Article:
by JD

Here is a list of 5 items every marching drummer should have with them during a group rehearsal:

  1.  Printed music/dot sheets and a pencil.  Often directors and instructors will ask us to  make small adjustments to music or routines during rehearsal.  It is always best to physically mark these things down on printed music/dot sheets, so that every time we return to the sheets for a review, we are reminded of these changes.  Even in this digital age, there is still no substitute for good ole pencil and paper!  It can also be very annoying when a player who isn’t familiar enough with the music doesn’t even have a copy to look at in rehearsal, don’t be THAT guy!Products33476-1200x1200-1207825.jpg
  2. A drum key.  Just as the band/corps tunes and adjusts their sound, so should we.  Drummers often push tuning aside and disregard because it can become a large chore at times.  But if you keep a drum key with you all the time and make small adjustments as you go, you can save your line the trouble of those huge tuning sessions that sometimes take hours.  High tension is best for marching.  Put it in your pocket or attach it to you stick bag, you’ll be happy that you did.
  3. Ear plugs.  Anyone spending lots of time around drumlines or large and powerful music ensembles should invest in earplugs.  They protect your ear drums from unnecessary wear & tear and create slimmer odds that you will need a hearing aid later in life.  You can order plugs that reduce volume, but don’t cut frequency from Etymotic.  Regular ear plugs are also good when you want to cut certain frequencies.  The moments during rehearsal when the resonance becomes a bit too much to listen to and you just want to focus on rhythms, good old fashioned foam ear plugs will do the trick.  You can purchase a pack to last you all season for around $5 at any chain drug store.  TR-01-000_B_P.jpg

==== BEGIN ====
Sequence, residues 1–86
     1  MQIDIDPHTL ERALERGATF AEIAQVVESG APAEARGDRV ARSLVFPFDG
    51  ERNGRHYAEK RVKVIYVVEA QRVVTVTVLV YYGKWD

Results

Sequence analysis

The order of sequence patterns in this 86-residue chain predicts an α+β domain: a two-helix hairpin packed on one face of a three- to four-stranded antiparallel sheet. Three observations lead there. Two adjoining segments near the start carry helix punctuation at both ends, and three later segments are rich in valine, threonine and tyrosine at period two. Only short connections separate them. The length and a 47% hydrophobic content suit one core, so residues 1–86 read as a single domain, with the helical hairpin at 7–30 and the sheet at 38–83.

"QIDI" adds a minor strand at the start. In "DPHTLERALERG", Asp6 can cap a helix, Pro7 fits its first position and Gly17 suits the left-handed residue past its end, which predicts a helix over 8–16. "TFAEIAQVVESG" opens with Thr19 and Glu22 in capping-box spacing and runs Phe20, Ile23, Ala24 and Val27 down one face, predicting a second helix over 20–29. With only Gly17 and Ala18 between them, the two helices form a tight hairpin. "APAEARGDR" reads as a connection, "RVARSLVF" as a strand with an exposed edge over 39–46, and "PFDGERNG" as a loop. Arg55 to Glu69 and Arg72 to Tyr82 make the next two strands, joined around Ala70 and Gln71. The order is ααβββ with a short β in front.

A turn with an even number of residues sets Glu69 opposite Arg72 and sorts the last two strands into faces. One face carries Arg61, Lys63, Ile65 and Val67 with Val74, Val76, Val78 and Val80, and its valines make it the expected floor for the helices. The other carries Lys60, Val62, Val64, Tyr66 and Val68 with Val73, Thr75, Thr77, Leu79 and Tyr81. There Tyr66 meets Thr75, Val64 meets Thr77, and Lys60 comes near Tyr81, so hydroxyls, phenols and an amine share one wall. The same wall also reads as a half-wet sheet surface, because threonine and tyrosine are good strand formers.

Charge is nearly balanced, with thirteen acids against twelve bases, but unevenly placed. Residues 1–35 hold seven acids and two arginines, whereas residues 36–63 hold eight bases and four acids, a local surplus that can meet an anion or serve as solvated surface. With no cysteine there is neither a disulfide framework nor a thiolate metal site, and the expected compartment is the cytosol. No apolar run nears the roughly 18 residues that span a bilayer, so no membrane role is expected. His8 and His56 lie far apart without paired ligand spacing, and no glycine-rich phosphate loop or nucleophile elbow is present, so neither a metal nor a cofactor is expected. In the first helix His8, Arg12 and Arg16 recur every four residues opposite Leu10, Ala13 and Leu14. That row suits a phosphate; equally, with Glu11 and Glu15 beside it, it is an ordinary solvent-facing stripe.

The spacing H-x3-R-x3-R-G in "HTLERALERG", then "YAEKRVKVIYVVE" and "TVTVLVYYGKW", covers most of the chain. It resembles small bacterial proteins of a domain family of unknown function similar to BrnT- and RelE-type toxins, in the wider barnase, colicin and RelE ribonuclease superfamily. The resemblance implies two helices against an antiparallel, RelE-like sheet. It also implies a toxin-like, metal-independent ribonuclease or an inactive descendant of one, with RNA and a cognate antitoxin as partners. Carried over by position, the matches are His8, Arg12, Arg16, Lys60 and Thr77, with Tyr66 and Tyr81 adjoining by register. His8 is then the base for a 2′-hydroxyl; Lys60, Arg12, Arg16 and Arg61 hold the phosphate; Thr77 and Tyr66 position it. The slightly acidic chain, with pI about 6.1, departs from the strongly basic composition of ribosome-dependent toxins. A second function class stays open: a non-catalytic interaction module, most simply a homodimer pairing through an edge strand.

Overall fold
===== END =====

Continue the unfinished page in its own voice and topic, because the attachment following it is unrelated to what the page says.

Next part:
4. Water.  Even inside and out of the sun, we tend to run our bodies ragged at times.  Being that you are made up mostly of water, it is the best thing for you.  Common problems found during band rehearsals; heat exhaustion, nausea, asthma, dehydration, and general fatigue.  Symptoms of all these conditions can be eased by simply drinking water.  Having a bottle waiting on the sideline won’t  hurt.
  5. A positive attitude.  There is nothing more frustrating to fellow students or instructors than a kid with a consistently terrible attitude.  They come in many forms; the complainer, the know-it-all, the jokester that always goes too far.  All of these kids hinder the learning experience for others, which is really bad considering that you are all there to learn.  When going into rehearsal, tell yourself these  few simple tings, “I am here to learn and get better.  Rehearsal is not the time or place to voice my personal opinions and comments.  I will show others the respect I wish to have.”  If everyone can remember these, your rehearsal will go much smoother.

So the next time you are getting ready for a group rehearsal, check this list and make sure you are prepared.  A prepared student is a successful student!  Expect nothing less than success for yourself.

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